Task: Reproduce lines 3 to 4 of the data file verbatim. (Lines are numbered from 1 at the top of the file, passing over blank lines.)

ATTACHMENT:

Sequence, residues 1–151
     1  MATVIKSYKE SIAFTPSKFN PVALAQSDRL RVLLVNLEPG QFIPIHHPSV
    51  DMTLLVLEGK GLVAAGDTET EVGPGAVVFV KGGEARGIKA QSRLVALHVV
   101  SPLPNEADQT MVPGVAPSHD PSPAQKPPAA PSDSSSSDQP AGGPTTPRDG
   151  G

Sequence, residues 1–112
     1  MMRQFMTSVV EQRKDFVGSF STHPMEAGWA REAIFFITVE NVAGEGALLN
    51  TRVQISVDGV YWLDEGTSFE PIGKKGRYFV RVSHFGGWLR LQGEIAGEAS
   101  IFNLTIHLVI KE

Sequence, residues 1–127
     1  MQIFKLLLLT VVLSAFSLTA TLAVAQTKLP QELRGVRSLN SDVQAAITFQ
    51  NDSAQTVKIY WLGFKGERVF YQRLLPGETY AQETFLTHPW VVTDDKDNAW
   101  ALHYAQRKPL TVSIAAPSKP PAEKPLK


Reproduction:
    51  DMTLLVLEGK GLVAAGDTET EVGPGAVVFV KGGEARGIKA QSRLVALHVV
   101  SPLPNEADQT MVPGVAPSHD PSPAQKPPAA PSDSSSSDQP AGGPTTPRDG